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Focus on Fleet Uptime Means Changing the Conversation

iBASEtAerospace & Defense blog Maintenance, Repair & OverhaulFocus on Fleet Uptime Means Changing the Conversation

Feb

23

Focus on Fleet Uptime Means Changing the Conversation

iBASEt — Solumina

[Guest Blog written by Miriam Schwartz, PTC]

The aviation industry has traditionally been a pacesetter for service efficiency resulting in maximum fleet uptime. After all, aircraft that isn’t usable is a cost and profit drainer. One approach to servicing aircraft came out of a United States Air Force (USAF) initiative called High-Velocity Maintenance (HVM) – a program recognizing that by accelerating systems through maintenance depots, their availability can be dramatically increased.

HVM strives to streamline process and lean out wait times to achieve maximum depot productivity and minimum turn-around-times. This is achieved by understanding the relationships of all of the resources and processes required for a maintenance event. While this is often associated with the USAF initiative at Warner Robins, HVM can be applied to any complex aviation system.

The global and dynamic nature of the aviation industry commands a holistic view of a complex challenge in maintenance and repair, one that combines: Field and Depot, Maintenance Schedules and Material Schedules, Technicians, Parts , Tools and Information, and Symptoms and Solutions.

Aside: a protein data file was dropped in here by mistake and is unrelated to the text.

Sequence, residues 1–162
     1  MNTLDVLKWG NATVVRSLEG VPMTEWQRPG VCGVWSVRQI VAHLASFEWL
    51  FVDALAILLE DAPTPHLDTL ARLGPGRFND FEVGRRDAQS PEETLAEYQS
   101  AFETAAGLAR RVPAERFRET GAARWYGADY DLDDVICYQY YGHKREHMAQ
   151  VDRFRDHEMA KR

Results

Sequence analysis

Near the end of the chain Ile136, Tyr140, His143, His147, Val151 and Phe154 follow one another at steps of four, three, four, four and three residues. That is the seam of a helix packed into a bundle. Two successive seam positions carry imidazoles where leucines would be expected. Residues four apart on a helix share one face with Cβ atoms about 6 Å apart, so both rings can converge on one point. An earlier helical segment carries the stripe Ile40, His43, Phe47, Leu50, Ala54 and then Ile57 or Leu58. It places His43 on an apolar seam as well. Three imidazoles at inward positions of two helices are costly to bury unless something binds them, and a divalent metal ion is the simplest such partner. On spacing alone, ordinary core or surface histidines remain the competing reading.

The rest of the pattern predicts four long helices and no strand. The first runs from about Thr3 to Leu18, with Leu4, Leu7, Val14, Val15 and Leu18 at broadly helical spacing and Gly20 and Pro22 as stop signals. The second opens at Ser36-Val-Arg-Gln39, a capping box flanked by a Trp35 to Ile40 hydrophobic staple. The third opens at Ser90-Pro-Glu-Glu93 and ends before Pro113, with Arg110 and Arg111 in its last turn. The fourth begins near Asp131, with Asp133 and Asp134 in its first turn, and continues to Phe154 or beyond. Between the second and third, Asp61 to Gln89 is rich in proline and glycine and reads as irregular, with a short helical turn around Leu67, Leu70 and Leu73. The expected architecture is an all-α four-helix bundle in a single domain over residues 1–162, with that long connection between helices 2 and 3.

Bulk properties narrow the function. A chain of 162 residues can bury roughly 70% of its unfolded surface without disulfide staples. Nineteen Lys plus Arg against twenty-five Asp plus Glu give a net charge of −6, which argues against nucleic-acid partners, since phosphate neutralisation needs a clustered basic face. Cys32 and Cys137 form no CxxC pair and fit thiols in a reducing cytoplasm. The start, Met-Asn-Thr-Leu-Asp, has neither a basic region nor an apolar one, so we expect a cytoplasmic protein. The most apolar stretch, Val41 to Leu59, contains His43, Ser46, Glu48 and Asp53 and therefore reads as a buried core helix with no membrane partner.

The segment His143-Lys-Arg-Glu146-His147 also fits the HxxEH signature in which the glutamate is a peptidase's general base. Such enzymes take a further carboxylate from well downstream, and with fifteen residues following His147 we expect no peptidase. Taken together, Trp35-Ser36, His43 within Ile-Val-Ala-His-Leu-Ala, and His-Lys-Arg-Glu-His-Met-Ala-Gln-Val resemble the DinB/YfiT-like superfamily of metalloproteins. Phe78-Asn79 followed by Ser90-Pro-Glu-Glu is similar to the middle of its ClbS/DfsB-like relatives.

In order to move from part fulfillment metrics , which do not measure or contribute directly to fleet uptime and profitability , the aviation industry should continue to focus on optimizing its service supply chain in a way that maximizes operating hours and fleet availability.

How?

  1. Optimization of inventory across a network requires the network to be considered as a whole
  2. The network must be fluid and dynamic, allowing material to flow to where it is most needed and likely to be used
  3. The network must be clearly thought out to avoid service parts chasing demand

For this optimization to happen, aviation manufacturers and OEMs need to synchronize their systems/assets, maintenance plans, and material plans. This synchronization takes into account such factors as the number of systems and configurations, activity metrics, maintenance BOMs, forecasts of maintenance events, and many more.

Typically, the most frequent source of work stoppages and missed target completions relates to parts availability, so OEMs and commercial MRO organizations need an optimized, global approach to service parts management that focuses on fleet uptime, not a fill-rate or on-shelf availability approach that’s primarily focused on meeting SLAs.

An integrated process, combining fleet, maintenance, and materials, requires an integrated solution, one that can take all these components into account when making service parts inventory decisions.

 

 

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